A small local hospital has figured out how to turn swabs and thank-you cards into pure cash.
Treasure Valley Hospital, a Boise surgical hospital co-owned by local physicians and national company Surgical Care Affiliates, scored higher than nearly 3,000 of its peers nationwide in a new program that rewards and penalizes hospitals based on how well they perform.
The hospital's administrator, Nick Genna, says "heavy physician involvement" in decision-making is the key to its success.
The little-known "value based purchasing" initiative is part of President Obama's Affordable Care Act. It's meant as a step toward paying hospitals for quality instead of paying them to do a lot of procedures. It aims to use Medicare's enormous wallet as leverage for better patient care.
HOW IT WORKS
The program splits bonuses and penalties roughly down the middle, using about $850 million of Medicare payments - or 1 percent of the money hospitals would normally receive - and distributing them based on how well each hospital performs.
It grades on clinical factors such as whether a hospital staff gave patients antibiotics within an hour of surgery, and patient feedback in areas such as noise and cleanliness, doctor and nurse communication and overall satisfaction. It not only pits hospitals against each other, it rewards each hospital for beating its own "baseline" score.
Treasure Valley Hospital emerged on top for the evaluation period - July 11, 2011, through March 31, 2012 - and earned a 0.83 percent bonus from Medicare for this fiscal year.
IDAHO HOSPITALS: HIGH PERFORMERS
Treasure Valley Hospital wasn't the only Idaho hospital to outdo national scores.
A Kaiser Health News analysis found that, of 13 hospitals in Idaho, 77 percent are receiving a bonus, while the rest are being penalized with lower Medicare payments.
A Business Insider analysis of the scores of hospitals in Ada and Canyon counties shows that all of them came out ahead. Saint Alphonsus Medical Center in Ontario had the second-highest score among local hospitals, and West Valley Medical Center in Caldwell was third.
The program docks hospitals for readmitting patients. No Idaho hospital faltered in that area.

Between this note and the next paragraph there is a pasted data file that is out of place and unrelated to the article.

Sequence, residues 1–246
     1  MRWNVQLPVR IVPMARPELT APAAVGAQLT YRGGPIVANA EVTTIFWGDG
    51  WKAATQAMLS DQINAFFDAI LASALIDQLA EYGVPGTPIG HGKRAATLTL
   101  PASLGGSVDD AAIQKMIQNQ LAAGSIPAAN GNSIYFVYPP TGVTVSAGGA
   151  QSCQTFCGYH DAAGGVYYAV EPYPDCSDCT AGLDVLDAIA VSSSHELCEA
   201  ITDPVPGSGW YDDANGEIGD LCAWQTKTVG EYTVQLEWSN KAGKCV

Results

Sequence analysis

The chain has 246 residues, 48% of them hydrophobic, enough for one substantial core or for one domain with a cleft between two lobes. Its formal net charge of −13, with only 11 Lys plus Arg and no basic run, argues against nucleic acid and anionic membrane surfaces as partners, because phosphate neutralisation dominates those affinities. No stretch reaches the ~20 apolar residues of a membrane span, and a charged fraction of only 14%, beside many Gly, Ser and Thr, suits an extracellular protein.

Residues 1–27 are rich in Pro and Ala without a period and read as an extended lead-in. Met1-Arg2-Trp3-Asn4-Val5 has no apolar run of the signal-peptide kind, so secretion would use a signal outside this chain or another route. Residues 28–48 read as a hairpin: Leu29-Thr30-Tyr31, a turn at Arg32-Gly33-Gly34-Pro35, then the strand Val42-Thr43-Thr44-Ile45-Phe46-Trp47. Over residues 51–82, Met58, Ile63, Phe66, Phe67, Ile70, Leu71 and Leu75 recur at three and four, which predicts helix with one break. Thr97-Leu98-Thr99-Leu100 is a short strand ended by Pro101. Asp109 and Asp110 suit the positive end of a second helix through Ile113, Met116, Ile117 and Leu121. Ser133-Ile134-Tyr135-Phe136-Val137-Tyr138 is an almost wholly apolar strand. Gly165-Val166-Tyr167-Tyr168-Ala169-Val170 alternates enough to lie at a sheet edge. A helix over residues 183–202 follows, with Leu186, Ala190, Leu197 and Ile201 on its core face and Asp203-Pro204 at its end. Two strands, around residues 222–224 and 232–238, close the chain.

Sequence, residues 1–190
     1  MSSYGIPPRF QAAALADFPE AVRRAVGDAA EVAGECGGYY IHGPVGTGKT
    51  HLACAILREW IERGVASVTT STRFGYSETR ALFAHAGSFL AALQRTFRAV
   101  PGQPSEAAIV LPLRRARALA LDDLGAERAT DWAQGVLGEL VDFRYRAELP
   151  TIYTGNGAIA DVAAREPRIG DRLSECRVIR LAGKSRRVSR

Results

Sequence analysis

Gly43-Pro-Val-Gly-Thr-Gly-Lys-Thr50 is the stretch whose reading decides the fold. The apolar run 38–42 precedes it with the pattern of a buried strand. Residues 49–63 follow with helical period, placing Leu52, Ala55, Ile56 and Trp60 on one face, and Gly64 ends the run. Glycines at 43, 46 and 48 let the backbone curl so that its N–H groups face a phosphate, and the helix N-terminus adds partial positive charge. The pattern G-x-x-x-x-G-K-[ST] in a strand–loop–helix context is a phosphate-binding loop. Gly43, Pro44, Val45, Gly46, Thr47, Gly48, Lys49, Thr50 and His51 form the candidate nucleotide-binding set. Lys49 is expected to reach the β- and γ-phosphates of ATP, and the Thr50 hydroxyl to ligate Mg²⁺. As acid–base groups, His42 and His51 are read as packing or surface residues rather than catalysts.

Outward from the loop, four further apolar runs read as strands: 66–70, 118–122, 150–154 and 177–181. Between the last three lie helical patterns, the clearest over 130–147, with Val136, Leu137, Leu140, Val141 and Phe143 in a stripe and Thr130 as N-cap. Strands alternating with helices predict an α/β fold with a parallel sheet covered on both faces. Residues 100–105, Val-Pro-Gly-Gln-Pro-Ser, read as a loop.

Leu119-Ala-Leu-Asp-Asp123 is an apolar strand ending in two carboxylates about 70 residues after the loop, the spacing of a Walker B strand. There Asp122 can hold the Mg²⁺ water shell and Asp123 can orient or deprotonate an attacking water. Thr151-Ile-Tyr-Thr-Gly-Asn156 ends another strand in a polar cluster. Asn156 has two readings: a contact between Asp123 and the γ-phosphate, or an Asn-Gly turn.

GETTING THE DETAILS RIGHT
Genna offers a few examples of ways Treasure Valley Hospital jumped so far ahead:
Staff members now frequently test patients to see if they're carrying MRSA - methicillin-resistant staphylococcus aureus bacteria - which could put them and other patients at risk of hard-to-treat infections.
"How you treat them [to prevent infections] has not changed, but the swabs are more common," Genna says.
Everyone with a role in the patient's care, from the receptionist to Genna, will sign a thank-you card to the patient. The hospital drops it in the mail right away. The card arrives at the patient's home "not quite when they walk in the door," but close, Genna says.
The hospital follows up with a phone call to every patient. Whenever possible, the nurse who cared for the patient makes that follow-up call, because that nurse is an expert on the patient's case and potential complications, Genna says.
A cafeteria worker comes to the patient's room to take an order from a menu of options, instead of just dropping off a tray of food.
The hospital tries to pair each nurse with just one or two patients.
"If you're lying in the bed, and you hit the call button ... you don't want to wait," Genna says.
Nurses are expected to treat each patient as if it were the patient's first time having surgery, to "keep everything not routine, but fresh and special," he says.
CRITICS SAY REWARDS AREN'T FAIR
Some national experts have criticized the Medicare program for putting surgical hospitals like Treasure Valley Hospital up against safety-net providers, such as St. Luke's and Saint Alphonsus medical centers, which treat heart attacks and critical injuries in addition to performing scheduled surgeries.
Genna concedes that safety-net hospitals have "much larger and more complex and more critical" cases on their hands. But he maintains that, as far as the scoring criteria go, his hospital won its rewards on a level playing field.
"An unexpected complication to surgery is the same, and the standard of [care for complications] is the same, whether it's a large open-heart surgery [or] a knee scope," he says. "Your patient's satisfied or they're not. ... It's not because they were more sick or had a larger surgery [that] they don't get to be satisfied."
Audrey Dutton: 377-6448